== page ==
The Sultanate has been enhancing efforts for peace and continuously supporting peaceful initiatives in various regional disputes, working for rapprochement so that these issues could see a successful end that guarantees the intactness of countries and the interests of their peoples on the basis of participation, justice and equality.
Based on the stock of confidence accorded to it by conflicting parties, the Sultanate has thus exerted efforts to push forward the Yemeni negotiations and develop rapprochement between disputing parties, mainly to remove the cause of the ongoing war in Yemen.
Since the beginning, the Sultanate tackled the Yemeni crisis in a clear and frank manner. Its sincere initiatives in this regard began in Muscat in August 2015 and continued through negotiations in Kuwait on April 21, 2016. Oman’s action derived insight from a prudent vision that perceives the deep impact of conflict in the sisterly state of Yemen.
Oman also acted from a conviction that a delay in establishing peace will cost the next Yemeni generations decades of suffering. Human suffering in Yemen has already become enormous and the country’s infrastructure has been demolished. The impact of the conflict in Yemen is also crippling political, economic, security and social ties in Yemen and beyond. The turmoil in Yemen is one of the main conflicts in the Middle East that derails development by increasing the armament race is causing further tensions.
Search and rescue: Following the directives of Sultan Qaboos, the Sultanate also contributed to finding and releasing foreign hostages who went missing in war zones. This is in addition to Oman’s initiatives to rescue the lives of many other people through its reception of those injured in the Yemen war and providing them with treatment. The injured were offered assistance mainly as Yemenis, irrespective of which camp they belong to. This gesture is based on the concepts of good neighborliness, fraternity and cooperation that distinguish the Omani diplomacy.
A similar gesture was made towards resolving the Libyan political issue. Oman hosted a meeting of the main consultative authority of the Libyan constitution in which 32 members of the authority took part. The talks were hosted by the city of Salalah with effect from the 18th of March 2016 and lasted three weeks in a quiet environment seeking to end the rift between the Libyan people. The Omani efforts met with success because the talks led to the production of constitution draft to be presented to the Libyan people for a referendum.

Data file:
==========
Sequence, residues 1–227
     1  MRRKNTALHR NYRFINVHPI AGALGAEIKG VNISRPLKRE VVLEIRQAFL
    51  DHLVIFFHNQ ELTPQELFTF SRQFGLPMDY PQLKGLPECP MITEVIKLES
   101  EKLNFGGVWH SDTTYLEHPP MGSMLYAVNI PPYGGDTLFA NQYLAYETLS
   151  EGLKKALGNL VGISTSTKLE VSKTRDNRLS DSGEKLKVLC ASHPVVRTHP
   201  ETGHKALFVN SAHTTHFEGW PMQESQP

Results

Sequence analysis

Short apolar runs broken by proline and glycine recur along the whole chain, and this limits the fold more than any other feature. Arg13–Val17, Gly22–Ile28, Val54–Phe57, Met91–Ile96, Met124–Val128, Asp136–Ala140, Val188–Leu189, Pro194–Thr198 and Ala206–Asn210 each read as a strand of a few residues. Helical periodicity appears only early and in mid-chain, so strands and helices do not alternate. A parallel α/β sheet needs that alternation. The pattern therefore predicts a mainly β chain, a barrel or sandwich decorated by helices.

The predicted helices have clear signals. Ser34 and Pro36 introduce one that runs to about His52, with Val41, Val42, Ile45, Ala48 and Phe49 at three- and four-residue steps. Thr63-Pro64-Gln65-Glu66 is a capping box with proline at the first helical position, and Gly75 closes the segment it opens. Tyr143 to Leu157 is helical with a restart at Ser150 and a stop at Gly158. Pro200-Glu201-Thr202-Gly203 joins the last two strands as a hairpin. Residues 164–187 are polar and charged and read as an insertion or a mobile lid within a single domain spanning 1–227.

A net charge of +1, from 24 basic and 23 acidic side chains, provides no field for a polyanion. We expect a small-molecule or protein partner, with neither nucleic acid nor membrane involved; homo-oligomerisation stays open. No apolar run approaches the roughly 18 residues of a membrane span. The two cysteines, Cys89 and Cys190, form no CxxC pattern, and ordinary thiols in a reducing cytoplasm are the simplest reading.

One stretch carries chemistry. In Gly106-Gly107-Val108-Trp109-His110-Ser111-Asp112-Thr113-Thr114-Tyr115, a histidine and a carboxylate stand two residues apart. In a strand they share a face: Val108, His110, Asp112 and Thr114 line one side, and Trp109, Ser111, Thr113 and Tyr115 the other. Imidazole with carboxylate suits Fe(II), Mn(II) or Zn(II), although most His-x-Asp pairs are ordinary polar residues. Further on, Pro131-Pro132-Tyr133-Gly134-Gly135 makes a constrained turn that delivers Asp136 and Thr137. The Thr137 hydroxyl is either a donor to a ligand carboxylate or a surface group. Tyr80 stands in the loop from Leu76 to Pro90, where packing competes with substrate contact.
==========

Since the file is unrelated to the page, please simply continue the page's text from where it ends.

State of Institutions
Coordination and cooperation between the legislative and executive authorities constitute the salient features of Omani Shura, a methodology to achieve the interests of citizens and the homeland through the implementation of programs of development and review of performance-thanks to an ever-expanding participation of citizens in the decision-making process.
The opening of the Supreme Court’s edifice on May 25, 2016 came in complementation of the judicial institutions’ schema and serves as a symbol of Sultan Qaboos’s attention towards providing a suitable environment for justice practice in the Sultanate and his concern for the setting up of amenities to facilitate citizens’ access to their rights.
The Council of Oman (with its bicameral bodies of State Council and Majlis Ash’shura) has been helping in implementing development program and finding solutions to economic and social obstacles. The Municipal Councils emerge as another consultative arm that offers views and recommendations about means to develop municipal services.
Economic Development and Food Security
In the backdrops of dwindling oil prices and their impacts on the country’s budget, the Sultanate has adopted a host of measures to guarantee the soundness of the state’s financial position. It capitalized on enhancing economic growth by continuing developmental projects of economic and social priority and by providing proper support to furnish an encouraging environment for private sector investments.